SACK, no Shark
Poor application performance? When it seems your applications are ok but there is something wrong and user experience isn't good enough, look your network!! It could be something about Hot potato and could potato routing in your Autonomous System, or something about Elephants in your Long Fat Networks or even because you are not taking advantages of Multipath TCP. However, this time I don't want that you buy a shark but a SACK or Selective Acknowledgement.
SACK or TCP Selective Acknowledgement is a TCP option defined in RFC 2018 that allows to retransmit only lost segments when there are packets loss instead of retransmiting every packet from the last Acknowledgement. Therefore, we would have a slow and inefficient throughput without SACK because if we use the traditional cumulative acknowledgment scheme, it wouldn't never know what packets have been lost and as a result it could send all packets again.
Next, we can compare both schemes. When we have a cumulative acknowledgment scheme like the left picture (No SACK) and there are packets loss, we see ACK messages ask for lost segments without acknowledging received packets. However, SACK scheme, like the right picture, acknowledges received packets with TCP SACK option and asks for lost packets with ACK messages.
|No SACK vs SACK|
At first, it seems both schemes are the same but if there are multiple dropped segments and sender can't free up the network buffer, network throughput will be inefficient. In addition, with an extension to the selective acknowledgement (SACK) option for TCP called Duplicate-SACK or D-SACK and defined in RFC 2883, we'll have better network performance because sender can infer the order of packets received at the receiver and it can report duplicate segments.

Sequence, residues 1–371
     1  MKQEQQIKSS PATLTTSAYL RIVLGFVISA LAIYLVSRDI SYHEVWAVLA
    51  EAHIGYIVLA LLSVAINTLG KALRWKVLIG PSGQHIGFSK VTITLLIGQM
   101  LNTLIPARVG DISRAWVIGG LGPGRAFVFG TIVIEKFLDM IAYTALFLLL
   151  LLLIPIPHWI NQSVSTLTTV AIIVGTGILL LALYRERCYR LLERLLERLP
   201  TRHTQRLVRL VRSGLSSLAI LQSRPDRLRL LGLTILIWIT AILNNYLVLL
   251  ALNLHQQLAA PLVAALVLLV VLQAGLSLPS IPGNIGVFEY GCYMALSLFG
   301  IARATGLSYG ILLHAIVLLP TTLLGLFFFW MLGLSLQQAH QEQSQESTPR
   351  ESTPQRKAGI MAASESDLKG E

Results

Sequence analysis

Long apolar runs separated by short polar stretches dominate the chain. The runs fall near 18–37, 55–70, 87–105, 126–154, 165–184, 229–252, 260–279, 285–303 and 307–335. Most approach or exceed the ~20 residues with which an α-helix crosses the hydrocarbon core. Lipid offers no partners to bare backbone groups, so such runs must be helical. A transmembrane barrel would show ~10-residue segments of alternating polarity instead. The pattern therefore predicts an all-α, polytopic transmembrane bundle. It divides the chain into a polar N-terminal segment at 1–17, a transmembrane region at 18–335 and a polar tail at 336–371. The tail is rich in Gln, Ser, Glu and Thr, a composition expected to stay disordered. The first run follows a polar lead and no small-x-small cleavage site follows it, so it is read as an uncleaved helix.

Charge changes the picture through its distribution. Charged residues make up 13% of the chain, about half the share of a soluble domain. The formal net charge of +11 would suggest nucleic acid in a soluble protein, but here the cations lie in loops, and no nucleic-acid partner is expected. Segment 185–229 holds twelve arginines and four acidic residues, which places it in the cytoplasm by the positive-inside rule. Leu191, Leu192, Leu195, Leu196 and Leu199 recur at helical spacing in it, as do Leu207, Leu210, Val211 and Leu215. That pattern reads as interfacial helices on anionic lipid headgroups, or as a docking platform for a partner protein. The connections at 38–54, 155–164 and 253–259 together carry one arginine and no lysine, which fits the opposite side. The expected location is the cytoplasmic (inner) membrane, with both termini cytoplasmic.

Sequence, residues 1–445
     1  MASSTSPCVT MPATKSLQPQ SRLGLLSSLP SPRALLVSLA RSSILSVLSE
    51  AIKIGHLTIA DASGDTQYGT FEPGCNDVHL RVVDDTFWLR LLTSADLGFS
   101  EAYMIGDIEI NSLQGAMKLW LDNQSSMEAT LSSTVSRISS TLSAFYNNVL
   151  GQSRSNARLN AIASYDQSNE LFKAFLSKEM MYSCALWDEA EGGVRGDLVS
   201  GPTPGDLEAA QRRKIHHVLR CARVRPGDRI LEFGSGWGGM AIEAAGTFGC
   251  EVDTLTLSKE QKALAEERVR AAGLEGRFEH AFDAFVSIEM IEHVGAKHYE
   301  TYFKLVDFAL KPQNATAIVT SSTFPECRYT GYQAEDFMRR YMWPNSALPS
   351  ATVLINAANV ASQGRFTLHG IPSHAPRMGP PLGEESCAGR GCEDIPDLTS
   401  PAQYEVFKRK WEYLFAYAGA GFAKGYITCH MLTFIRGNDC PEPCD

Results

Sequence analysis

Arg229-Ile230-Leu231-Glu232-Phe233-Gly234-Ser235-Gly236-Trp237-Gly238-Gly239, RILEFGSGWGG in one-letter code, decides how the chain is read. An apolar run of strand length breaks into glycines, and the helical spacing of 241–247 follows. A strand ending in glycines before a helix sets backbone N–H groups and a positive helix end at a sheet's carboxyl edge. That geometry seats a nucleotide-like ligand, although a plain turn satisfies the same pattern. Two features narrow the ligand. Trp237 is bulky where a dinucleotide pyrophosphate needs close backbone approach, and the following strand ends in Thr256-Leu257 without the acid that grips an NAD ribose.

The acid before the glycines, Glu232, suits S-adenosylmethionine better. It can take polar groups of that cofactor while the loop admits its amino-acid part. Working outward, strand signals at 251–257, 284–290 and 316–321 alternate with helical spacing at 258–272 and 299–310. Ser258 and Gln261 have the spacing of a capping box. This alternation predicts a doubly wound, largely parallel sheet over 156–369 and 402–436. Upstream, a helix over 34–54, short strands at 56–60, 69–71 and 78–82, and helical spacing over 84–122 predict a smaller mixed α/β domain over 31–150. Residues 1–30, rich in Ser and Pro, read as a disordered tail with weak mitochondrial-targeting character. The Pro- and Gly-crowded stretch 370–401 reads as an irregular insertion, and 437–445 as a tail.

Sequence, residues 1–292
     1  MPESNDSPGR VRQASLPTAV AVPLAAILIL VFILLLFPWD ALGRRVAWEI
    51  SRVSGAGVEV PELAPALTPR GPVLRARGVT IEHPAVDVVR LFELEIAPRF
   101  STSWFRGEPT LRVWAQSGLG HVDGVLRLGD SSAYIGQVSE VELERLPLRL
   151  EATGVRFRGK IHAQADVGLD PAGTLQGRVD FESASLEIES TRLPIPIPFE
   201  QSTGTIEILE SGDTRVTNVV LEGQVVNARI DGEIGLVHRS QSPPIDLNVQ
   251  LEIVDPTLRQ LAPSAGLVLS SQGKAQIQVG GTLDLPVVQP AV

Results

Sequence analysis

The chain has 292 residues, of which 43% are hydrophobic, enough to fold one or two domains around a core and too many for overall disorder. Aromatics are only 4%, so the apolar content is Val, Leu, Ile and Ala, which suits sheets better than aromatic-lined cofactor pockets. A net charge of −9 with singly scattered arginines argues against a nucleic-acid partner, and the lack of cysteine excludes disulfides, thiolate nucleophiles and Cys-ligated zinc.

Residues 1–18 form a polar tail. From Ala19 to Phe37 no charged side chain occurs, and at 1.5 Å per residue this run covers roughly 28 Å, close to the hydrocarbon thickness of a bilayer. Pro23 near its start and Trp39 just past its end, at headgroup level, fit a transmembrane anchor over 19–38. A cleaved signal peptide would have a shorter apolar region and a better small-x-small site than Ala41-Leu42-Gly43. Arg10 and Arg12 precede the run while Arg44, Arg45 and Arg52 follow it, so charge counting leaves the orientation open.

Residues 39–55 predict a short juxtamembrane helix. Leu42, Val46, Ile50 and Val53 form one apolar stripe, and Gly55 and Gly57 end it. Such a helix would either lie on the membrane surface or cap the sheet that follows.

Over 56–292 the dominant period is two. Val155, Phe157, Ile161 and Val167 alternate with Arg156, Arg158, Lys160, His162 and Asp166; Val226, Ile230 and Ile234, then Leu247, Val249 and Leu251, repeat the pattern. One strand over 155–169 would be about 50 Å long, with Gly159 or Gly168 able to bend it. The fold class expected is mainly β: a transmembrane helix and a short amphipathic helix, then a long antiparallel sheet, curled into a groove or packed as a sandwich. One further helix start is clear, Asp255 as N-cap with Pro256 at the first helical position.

Selective acknowledgement option is negotiate in the TCP hadnshake with Kind=4 and receiver and sender (both) must support this kind of communication, as we can see in the top picture. While when there are some dropped packet and it should be retransmited by sender, receiver asks them with Kind=5 saying which packets have been received successfully, as we can see in the down picture.
|SACK Kind 4|
|SACK Kind 5|
If we have a poor application performance, maybe the issue isn't in the development team but in the networking team, be sure your systems manage this kind of technologies because there are many others like EVN Trunk, Unicast Reverse Path Forwarding (URPF), Tribal Flood Network (TFN), etc and if your are not network engineer maybe you are not aware about it.
Regards my friends and remember, networking isn't plug and play.